starts December 20
“NEBRASKA” is a father and son road trip, from Billings, Montana to Lincoln, Nebraska that gets waylaid at a small town in central Nebraska, where the father grew up and has scores to settle. Told with deadpan humor and a unique visual style, it’s ultimately the story of a son trying to penetrate his impenetrable father.
starts December 22
A self-proclaimed “ex-lesbian,” Jill hunts down her ex-girlfriend Jamie to prove to herself that she is no longer attracted to her. “Heterosexual Jill” is a satire about sexuality where nothing is as it seems.
starts December 27
The Final Friday Flicks with Mother’s movies indoors this winter to the lovely Gillioz Theatre (325 Park Central East). Grab the new year by the horns and come out for Mel Brooks’ cult classic. Tickets are $5 and available at the Gillioz box office starting at 7pm. The movie begins at 8pm. Synopsis: Planet Spaceball’s President Skroob sends Lord Dark Helmet to steal Planet Druidia’s abundant supply of air to replenish their own, and only Lone Starr can stop them.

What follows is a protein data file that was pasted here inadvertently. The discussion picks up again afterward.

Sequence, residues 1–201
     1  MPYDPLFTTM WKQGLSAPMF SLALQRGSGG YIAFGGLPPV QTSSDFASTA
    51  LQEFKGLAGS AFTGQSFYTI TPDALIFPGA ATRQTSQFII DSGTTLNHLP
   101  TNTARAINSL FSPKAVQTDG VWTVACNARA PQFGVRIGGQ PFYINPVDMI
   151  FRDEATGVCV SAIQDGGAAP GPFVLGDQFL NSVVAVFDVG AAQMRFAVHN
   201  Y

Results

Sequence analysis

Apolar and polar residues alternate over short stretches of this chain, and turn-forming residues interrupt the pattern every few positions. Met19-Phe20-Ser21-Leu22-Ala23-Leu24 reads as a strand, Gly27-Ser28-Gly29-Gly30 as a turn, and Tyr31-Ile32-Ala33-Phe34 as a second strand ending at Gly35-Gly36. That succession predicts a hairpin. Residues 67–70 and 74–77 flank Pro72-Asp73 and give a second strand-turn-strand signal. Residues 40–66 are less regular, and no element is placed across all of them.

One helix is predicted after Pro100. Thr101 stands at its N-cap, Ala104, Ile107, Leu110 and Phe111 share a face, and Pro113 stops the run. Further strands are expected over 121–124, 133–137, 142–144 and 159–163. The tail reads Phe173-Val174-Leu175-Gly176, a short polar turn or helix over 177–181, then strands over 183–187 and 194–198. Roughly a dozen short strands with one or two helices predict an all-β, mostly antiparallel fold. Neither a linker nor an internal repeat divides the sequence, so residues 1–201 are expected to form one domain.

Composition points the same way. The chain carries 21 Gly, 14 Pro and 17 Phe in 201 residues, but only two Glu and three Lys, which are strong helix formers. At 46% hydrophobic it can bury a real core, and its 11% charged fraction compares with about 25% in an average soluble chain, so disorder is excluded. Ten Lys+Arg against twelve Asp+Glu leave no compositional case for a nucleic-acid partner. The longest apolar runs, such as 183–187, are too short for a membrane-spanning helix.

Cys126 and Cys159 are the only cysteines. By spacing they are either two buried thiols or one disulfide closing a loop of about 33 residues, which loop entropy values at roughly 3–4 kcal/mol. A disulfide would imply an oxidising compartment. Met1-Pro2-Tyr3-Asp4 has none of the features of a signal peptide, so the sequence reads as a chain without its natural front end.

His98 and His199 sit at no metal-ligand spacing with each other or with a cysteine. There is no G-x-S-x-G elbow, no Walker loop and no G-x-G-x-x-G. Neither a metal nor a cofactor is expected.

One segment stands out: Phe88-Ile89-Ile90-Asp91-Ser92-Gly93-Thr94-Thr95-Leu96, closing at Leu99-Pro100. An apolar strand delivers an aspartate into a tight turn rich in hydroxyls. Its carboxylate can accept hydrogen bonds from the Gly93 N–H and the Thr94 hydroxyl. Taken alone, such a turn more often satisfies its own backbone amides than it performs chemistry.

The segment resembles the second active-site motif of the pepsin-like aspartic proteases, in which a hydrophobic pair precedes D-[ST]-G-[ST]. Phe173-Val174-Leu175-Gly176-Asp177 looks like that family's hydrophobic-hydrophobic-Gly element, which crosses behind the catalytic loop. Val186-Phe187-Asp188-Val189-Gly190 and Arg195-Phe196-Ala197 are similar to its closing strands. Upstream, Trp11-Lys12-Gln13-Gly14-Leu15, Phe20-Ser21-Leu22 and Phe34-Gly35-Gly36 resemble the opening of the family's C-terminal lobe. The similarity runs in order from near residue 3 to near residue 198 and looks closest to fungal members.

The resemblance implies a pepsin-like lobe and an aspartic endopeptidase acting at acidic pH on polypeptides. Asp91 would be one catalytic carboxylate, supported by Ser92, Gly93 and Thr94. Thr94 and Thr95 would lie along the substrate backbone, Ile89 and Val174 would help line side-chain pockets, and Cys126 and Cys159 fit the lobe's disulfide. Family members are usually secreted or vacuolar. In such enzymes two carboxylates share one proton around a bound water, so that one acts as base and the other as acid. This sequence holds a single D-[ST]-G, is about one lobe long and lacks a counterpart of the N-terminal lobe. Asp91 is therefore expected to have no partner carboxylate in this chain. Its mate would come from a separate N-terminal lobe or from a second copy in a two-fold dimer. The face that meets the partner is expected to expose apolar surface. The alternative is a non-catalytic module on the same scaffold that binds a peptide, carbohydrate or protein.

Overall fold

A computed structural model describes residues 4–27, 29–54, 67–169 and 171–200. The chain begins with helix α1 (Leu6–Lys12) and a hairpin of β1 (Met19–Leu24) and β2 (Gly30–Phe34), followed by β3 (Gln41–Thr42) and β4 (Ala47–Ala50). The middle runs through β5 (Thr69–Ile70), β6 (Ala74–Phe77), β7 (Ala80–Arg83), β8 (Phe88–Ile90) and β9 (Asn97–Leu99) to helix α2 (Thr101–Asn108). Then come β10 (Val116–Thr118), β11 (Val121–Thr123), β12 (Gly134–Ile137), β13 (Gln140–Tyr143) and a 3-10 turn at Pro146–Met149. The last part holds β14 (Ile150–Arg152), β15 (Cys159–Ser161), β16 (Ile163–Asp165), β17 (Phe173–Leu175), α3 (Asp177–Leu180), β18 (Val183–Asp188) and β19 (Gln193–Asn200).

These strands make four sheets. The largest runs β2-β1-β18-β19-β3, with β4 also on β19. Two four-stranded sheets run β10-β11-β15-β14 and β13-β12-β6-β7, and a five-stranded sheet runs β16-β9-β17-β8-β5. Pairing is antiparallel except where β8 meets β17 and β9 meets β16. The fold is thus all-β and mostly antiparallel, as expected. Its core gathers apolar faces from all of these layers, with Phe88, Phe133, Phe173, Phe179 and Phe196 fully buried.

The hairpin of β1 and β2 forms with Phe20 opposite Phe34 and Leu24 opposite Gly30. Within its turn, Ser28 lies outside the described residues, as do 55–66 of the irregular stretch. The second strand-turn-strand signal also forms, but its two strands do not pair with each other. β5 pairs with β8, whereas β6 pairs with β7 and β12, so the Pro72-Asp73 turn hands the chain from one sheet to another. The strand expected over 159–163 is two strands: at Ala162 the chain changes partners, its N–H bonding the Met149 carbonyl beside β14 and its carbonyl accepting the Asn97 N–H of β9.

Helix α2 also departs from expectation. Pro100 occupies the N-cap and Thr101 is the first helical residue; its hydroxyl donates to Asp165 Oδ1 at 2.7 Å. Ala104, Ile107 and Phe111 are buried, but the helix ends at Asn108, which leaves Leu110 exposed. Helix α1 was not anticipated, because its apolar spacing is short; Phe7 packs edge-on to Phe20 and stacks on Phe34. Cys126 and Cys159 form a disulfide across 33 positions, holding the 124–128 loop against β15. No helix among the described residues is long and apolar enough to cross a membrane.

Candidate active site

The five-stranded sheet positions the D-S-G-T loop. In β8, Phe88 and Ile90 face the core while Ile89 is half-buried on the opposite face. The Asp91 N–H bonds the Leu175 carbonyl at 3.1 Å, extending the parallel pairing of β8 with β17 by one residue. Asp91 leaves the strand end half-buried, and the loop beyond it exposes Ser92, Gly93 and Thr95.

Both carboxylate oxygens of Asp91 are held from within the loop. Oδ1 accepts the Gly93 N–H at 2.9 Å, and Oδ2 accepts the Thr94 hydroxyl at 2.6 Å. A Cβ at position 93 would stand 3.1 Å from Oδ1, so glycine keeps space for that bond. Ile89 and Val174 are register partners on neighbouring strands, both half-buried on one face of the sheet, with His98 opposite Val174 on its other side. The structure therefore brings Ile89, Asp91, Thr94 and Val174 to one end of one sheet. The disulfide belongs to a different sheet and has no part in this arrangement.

starts January 31
The Final Friday Flicks with Mother’s movies indoors this winter to the lovely Gillioz Theatre (325 Park Central East). Grab the new year by the horns and come out for the Coen Brothers’ cult classic, The Big Lebowski. Tickets are $5 and available at the Gillioz box office starting at 7pm. The movie begins at 8pm. Synopsis: “Dude” Lebowski, mistaken for a millionaire Lebowski, seeks restitution for his ruined rug and enlists his bowling buddies to help get it.
starts February 8
A meditation on friendship and life in the disappearing wilderness of the West, ‘Low and Clear’ follows two formerly close friends who re-unite for one last fly fishing trip. Over the course of their time together they come to understand how much they have each changed and how these changes now threaten the friendship.
starts February 28
An Iranian man deserts his French wife and two children to return to his homeland. Meanwhile, his wife starts up a new relationship, a reality her husband confronts upon his wife’s request for a divorce.
News and Events
Friday, Jan 17 1:05 pm